County notifies residents of district change
Published March 29, 2022
AUBURN, Calif. -- Placer County is reaching out to residents whose homes were redrawn into a different supervisorial district during last year’s redistricting process. The new boundaries, which went into effect in January, relocated approximately 25,000 households. The county wants to make sure affected residents know their supervisor has changed along with their district designation.
Postcards will be sent through the mail this week to notify residents and the county has also developed an interactive district map on its website to further assist. Residents can simply add their home address to the map’s search bar to learn their district number and corresponding supervisor.
Placer County is partitioned into five districts and each district is represented by a supervisor who is elected to a four-year term in office by the residents of the district. Supervisors represent the county as a whole but also look out for the interests of their district’s residents. Each supervisor sends out a monthly newsletter to subscribers to share county news and information that is pertinent to constituents in their district.
The following is a list of districts and their elected supervisors:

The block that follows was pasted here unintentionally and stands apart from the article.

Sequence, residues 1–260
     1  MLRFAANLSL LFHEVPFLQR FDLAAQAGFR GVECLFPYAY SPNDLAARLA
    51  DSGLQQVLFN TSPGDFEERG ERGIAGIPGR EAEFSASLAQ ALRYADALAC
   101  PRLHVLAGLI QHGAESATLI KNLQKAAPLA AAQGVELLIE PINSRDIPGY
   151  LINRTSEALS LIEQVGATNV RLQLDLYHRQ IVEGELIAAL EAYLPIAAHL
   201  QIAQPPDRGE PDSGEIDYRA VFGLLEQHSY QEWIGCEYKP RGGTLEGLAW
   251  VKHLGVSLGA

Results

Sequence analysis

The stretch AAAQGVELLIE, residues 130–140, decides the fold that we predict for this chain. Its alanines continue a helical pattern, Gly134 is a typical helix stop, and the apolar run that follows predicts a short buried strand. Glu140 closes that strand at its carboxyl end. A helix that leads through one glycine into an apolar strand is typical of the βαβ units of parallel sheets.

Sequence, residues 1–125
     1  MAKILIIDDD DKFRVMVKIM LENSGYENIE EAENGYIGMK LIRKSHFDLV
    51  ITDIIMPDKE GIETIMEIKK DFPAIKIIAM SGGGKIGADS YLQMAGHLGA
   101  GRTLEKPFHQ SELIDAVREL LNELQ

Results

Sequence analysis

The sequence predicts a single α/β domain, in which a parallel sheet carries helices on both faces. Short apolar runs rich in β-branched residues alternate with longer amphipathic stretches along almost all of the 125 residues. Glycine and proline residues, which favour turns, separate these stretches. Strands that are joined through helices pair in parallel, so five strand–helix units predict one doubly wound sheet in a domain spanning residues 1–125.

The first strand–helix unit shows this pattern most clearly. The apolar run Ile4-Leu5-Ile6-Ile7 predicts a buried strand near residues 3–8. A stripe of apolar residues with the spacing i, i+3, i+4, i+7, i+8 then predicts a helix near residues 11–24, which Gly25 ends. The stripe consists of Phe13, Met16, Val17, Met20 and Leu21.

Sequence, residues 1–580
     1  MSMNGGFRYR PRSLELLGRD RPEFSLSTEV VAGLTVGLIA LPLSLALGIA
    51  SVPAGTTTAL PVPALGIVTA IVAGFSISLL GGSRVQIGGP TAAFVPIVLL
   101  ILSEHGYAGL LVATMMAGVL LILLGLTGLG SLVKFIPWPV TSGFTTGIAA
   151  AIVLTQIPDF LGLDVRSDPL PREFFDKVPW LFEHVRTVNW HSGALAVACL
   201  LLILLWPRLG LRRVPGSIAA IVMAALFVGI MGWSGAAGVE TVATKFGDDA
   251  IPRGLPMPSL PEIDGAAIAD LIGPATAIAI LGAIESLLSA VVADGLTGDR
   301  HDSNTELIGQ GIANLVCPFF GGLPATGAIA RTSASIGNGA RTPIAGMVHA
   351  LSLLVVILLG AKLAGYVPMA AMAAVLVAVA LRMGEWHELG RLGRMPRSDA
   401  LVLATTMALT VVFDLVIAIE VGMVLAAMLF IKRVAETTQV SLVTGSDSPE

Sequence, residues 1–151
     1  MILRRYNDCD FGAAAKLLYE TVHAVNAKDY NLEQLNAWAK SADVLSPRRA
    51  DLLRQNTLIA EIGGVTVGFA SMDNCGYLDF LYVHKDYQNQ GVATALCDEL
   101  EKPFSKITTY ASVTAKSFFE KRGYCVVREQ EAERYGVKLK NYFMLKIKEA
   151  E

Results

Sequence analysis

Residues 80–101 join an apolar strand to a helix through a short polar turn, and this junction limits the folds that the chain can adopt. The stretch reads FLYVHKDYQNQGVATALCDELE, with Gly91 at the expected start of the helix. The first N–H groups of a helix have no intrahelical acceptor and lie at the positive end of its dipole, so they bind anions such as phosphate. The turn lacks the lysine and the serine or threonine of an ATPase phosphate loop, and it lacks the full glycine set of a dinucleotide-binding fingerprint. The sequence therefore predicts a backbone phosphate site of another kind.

- District 1 - Supervisor Bonnie Gore
- District 2 - Supervisor Robert Weygandt
- District 3 - Supervisor Jim Holmes, vice-chair
- District 4 - Supervisor Suzanne Jones
- District 5 - Supervisor Cindy Gustafson, board chair
The redistricting process is initiated once every 10 years following the U.S Census as required by the U.S. Constitution. The law states that district boundaries must be redrawn to account for shifts in population growth since the last census ensuring equal representation for citizens in compliance with the “one-person, one-vote” principle of the Voting Rights Act.
Residents are encouraged to get involved with county governance by attending their district’s Municipal Advisory Council meetings. These advisory bodies create a forum for the community to voice concerns and give formal input on projects and issues facing their local communities. Presently, there are 13 MACs that are composed of volunteers appointed by their county supervisor and approved by the entire Board of Supervisors. The MAC members work closely with their county supervisor and magnify the voices of even our most rural communities. Please be sure to check the county calendar for scheduled meeting dates and agendas.